Changing the background color in CS3 for senior shoot

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I have a client that needs to have one of her senior pics with a blue background. I have two colors black and white. I am terrible at making a selection of the subject and doing it that way, and believe me I have tried just about every tutorial and trick to accomplish it and never have great results. Am a stuck on purchasing blue paper or material or is there some other trick that is super easy and looks flawless? Thank you so much!!
 
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use you magnetic lasso or any tool that can out line your subject and then place on a new layer....get your paint bucket full of good ole blue paint and dump on the 1st layer.....now add the 2nd layer and flatten...................may have to do a little clean up but not much......
Will it be easier if done white or black....don't really know....I only use blk back grounds.....and color them with theatrical gels over my bg lights......................
 
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I think as long as you choose a background that contrasts properly with the subject's hair, it's not too much trouble to change it to blue later. Ie if she's blonde, choose your black backdrop; if she's brunette, choose your white.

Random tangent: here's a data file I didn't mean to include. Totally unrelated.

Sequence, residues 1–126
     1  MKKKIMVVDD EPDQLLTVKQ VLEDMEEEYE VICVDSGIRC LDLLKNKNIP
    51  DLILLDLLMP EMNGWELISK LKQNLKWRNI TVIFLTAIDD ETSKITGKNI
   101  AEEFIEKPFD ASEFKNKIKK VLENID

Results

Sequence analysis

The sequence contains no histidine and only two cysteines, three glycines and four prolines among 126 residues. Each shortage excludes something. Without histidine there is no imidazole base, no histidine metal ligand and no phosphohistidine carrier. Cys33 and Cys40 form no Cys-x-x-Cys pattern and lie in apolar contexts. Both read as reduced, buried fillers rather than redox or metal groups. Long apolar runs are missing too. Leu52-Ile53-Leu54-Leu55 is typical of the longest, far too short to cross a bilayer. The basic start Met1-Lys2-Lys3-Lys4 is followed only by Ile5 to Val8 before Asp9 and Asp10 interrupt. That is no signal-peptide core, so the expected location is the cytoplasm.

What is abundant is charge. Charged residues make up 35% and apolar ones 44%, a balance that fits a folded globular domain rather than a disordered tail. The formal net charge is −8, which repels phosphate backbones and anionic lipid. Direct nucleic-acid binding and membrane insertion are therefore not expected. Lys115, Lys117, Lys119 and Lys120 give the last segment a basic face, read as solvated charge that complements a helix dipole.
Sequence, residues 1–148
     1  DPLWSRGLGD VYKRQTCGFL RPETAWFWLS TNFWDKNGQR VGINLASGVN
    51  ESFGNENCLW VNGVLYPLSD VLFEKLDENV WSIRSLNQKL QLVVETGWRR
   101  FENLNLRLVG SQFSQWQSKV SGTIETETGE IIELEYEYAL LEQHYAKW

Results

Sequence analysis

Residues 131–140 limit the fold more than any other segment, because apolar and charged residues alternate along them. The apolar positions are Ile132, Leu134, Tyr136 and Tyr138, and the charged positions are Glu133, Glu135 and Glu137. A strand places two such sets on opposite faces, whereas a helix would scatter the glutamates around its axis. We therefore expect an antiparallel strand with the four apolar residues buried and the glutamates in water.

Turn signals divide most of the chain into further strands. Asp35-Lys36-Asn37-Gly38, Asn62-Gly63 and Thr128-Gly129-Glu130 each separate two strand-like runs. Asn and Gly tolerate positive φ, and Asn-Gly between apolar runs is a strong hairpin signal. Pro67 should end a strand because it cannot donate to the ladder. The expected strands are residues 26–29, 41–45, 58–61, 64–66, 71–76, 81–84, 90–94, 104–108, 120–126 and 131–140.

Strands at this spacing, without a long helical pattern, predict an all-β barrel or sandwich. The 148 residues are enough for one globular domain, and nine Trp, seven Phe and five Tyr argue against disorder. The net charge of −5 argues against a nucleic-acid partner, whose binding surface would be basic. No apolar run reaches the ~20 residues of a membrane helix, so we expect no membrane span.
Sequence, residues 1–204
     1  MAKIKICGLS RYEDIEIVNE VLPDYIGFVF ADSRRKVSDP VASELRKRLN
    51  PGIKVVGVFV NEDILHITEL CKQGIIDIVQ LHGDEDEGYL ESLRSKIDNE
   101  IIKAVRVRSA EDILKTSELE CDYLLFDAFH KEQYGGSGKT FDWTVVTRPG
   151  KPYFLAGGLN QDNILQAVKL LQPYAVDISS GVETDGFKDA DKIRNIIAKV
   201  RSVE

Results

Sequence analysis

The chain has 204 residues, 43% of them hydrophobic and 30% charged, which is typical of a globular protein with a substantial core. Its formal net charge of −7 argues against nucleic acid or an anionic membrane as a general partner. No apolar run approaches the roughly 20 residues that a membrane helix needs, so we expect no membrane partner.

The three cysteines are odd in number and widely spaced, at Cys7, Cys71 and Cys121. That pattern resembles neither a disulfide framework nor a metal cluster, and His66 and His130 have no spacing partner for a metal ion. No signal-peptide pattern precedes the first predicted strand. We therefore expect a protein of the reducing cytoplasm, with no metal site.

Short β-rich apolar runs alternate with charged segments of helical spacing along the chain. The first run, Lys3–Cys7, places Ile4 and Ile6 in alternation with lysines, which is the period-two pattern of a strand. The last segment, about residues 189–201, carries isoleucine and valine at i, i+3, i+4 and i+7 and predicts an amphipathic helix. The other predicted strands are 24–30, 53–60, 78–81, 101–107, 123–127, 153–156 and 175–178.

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Maybe I'm doing something wrong. I tried that method with the paint bucket but it really looks like a really fake blue paint background. Am I doing something wrong?? Thanks!
 
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Maybe I'm doing something wrong. I tried that method with the paint bucket but it really looks like a really fake blue paint background. Am I doing something wrong?? Thanks!
Debbie, If you want, there's a more complicated way to do this, but it will look more realistic, especially if your background has a pattern, shadows, or is textured in any way.

First, make a copy of your layer and extract your subject on the top layer.

Select the second layer and hit Ctrl+U, this should bring up the Hue+Saturation box, you may then colorize it and choose the color you desire. (white is easier to work with than black)
 

Growltiger

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Those methods give even colours that look fake. You can use a gradient fill instead. The colour change can be quite subtle and can be at an angle. It can look completely convincing.

Here are the notes I wrote to myself some time ago while I was learning Photoshop. It should still work. Hope this helps.

----------------------
Replace background - method with gradient fill layer below the picture layer